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Interview with Ciprian Moga on the "West meets East" project
Ciprian Moga, one of the "West meets East" project initiators, gave us more details on the new concert based on the fusion between Western and Romanian music.
How did the "West meets East" project start and how is this last part of the trilogy different from past events from 2017 and last year?
We came up with the idea three or four years ago. The idea is ours, my project partner's, Iuliana Nălățan's, and mine. We both have projects concerning jazz music and classical Indian music. We started by reading books about Yejudi Menuhin and Ravi Shankar, actually it all started from their memoirs. During a meeting, Iulia showed me excerpts from Ravi Shankar's memoirs in which he talked admiringly about George Enescu in the effervescent Paris of the interwar period. I remembered an unfinished journey which I knew about since I was a child and the same time period is evoked by Menuhin concerning Enescu, who had accepted him as a disciple. Then we started piecing together the story of Ravi Shankar's and Menuhin's friendship and we came to the conclusion that it was an exceptional moment in time, which deserves to be experienced nowadays. And this is how the three "West meets East" tours started. For this year's tour we have a great violinist, who had the honor of collaborating with Yehudi Menuhin. His name is Jila Pap. He's very good at improvising and he's very creative, spectacular even, and he succeeded in impressing Yehudi Menuhin himself with his art. He travelled to India and collaborated with Indian musicians and has a good control over the art of classical Indian music which is still quite mysterious for those of us living in the West. This year we finish the restitution of Ravi Shankar's compositions so we can perform with his friend, Menuhin. These compositions were released on three records called "West meets East" and we thought we could organize three tours, one for each record. The third surprise, which we started last year, but we will take it further this year, is the so-called music "East meets West". Precisely, it's music written for Indian instruments, which takes its inspiration from Romanian music. This year we asked the group's composer, Udhay Mazumdar, to focus on Transylvania and we will have Variations on pieces by Béla Barótk, re-written for violin, sitar, tabla and Indian flute, all of these together with compositions by George Enescu and works from traditional folklore.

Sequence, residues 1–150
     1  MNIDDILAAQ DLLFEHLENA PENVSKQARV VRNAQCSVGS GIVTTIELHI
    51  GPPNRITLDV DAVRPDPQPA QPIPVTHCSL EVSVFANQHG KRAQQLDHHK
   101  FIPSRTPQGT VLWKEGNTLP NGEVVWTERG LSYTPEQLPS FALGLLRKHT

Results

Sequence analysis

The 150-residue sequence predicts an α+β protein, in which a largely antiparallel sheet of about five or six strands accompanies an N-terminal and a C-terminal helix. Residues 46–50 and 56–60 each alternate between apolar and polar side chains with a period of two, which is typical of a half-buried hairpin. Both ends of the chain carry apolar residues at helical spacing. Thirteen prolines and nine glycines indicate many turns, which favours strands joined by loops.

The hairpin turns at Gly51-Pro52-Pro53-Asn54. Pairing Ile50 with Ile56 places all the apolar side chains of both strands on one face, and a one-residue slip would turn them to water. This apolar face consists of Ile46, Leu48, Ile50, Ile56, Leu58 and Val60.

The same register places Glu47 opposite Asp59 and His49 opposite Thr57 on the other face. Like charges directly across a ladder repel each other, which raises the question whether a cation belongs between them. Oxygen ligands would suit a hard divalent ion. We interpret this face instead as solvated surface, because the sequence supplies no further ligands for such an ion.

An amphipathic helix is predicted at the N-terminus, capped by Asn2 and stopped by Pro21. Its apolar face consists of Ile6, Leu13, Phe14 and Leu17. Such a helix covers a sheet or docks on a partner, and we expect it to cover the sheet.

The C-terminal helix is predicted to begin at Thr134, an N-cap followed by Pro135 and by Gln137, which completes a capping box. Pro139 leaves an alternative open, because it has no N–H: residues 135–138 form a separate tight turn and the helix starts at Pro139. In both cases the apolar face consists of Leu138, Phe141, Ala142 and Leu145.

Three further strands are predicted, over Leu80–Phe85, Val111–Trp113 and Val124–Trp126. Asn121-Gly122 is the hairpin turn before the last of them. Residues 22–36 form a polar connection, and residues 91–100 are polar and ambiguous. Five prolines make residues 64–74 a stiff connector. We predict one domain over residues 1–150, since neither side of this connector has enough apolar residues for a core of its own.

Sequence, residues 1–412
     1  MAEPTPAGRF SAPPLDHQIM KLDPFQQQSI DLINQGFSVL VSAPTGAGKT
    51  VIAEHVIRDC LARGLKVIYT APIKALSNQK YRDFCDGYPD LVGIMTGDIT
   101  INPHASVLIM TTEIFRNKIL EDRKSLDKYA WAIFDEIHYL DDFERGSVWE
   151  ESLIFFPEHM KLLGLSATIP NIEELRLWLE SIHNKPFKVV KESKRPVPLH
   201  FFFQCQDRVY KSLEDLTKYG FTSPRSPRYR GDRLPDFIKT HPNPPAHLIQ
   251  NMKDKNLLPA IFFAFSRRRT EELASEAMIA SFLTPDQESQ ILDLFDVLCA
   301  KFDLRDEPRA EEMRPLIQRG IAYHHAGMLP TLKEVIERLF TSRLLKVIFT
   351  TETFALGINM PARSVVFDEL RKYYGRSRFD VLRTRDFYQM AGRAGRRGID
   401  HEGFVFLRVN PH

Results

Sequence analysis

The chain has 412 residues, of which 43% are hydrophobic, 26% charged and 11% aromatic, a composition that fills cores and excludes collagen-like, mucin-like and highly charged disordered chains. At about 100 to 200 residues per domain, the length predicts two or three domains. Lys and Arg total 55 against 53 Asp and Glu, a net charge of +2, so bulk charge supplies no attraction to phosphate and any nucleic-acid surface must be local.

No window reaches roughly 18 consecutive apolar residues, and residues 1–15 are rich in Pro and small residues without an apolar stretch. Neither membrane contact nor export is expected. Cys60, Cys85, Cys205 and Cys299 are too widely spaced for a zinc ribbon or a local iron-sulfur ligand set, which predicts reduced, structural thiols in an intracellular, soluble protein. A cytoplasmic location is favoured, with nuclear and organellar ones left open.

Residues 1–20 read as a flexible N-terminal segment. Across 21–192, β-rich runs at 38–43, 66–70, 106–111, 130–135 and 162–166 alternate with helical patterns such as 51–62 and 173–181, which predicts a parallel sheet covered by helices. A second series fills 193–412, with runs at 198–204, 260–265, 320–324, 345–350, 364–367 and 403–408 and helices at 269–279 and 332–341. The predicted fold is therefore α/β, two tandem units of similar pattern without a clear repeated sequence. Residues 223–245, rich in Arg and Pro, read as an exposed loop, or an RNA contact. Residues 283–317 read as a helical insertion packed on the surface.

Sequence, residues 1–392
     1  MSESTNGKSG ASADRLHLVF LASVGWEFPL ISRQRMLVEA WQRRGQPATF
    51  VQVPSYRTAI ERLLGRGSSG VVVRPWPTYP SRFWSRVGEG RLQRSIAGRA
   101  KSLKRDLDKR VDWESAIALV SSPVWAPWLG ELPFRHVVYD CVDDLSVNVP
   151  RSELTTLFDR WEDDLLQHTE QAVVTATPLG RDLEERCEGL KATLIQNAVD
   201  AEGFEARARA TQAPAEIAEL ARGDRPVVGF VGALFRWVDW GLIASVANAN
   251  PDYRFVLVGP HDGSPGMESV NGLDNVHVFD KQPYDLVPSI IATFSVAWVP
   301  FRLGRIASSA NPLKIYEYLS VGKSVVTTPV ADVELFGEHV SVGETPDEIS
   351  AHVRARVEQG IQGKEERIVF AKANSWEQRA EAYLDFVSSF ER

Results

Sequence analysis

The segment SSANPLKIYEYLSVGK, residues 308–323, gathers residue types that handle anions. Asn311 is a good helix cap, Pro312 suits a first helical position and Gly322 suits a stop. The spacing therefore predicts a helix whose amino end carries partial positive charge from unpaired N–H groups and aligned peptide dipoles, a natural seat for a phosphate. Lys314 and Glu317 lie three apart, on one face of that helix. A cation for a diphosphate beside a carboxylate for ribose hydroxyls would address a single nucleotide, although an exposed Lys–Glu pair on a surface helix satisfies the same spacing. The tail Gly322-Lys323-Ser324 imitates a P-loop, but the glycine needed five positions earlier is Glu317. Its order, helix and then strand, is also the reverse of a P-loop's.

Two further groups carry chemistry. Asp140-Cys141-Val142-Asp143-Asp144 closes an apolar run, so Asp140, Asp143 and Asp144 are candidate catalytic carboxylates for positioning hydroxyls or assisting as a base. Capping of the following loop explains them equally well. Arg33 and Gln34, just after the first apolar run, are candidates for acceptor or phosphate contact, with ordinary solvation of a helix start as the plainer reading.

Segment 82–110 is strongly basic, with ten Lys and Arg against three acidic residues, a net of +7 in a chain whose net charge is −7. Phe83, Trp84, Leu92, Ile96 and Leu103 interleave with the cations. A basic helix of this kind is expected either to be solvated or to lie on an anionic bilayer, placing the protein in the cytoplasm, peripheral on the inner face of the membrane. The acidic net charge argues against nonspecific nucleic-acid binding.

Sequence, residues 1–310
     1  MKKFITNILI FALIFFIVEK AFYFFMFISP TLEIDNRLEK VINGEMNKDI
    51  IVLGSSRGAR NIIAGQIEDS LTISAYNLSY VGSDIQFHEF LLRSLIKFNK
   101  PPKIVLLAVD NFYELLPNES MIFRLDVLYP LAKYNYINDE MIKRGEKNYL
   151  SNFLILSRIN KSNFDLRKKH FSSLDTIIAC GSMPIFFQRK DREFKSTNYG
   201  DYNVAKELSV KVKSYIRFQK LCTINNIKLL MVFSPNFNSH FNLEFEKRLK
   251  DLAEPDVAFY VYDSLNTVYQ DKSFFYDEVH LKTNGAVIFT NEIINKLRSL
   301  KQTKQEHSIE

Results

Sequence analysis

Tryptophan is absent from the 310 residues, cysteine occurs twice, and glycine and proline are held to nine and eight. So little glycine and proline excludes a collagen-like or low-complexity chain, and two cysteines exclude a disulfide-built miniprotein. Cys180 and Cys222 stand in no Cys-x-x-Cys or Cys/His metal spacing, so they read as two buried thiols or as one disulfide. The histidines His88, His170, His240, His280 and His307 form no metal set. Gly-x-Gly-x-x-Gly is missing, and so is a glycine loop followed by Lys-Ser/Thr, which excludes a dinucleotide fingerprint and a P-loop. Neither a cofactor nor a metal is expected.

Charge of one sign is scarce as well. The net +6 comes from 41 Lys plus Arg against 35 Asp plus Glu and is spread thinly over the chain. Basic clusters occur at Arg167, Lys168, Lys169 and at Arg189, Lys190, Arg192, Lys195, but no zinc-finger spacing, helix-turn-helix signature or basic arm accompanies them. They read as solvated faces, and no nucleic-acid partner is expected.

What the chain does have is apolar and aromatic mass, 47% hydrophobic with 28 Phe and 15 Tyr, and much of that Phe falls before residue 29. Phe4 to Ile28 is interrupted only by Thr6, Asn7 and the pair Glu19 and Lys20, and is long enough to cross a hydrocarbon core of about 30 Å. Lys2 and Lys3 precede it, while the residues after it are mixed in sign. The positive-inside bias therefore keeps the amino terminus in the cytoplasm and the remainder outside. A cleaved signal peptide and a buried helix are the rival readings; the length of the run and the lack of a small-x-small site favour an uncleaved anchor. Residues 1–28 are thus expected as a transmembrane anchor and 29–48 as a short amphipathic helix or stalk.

Shankar, Bartók, Enescu. Music from India and Transylvania. Are there common traits between such different ethoses?
We observe the musicians when they are working together, we establish the repertoire and practice. There are common traits in the music. In India there is the so-called raga, which is a predefined structure based on improvisation. The closest thing to the Western musical notions, including Romania, is the range. There is the range from Western music which matches very well the Indian raga and they can be very similar in certain aspects. You can go to India and listen to a specific type of raga and feel like you are in Transylvania. Western musicians, who opened to Indian music, confirm this in their works. So, yes, we can find links that can connect two such remote cultures.
You had a concert in Timișoara on the 15th of October. Today you have one in Bucharest and tomorrow evening you'll perform in Pitești which will be the last stop of this tour. What made you choose these cities?
I'm from Bucharest. My project partner, Iulia Nălățan, is from Timișoara and in Pitești we have a group of friends who are open to this novelty and who support us in organizing this concert. We intend to continue next year, maybe perform a similar concert in Cluj too.
Translated by Alina-Nicoleta Duminică, MTTLC 2, Universitatea din București,
Facultatea de Limbi și Literaturi Străine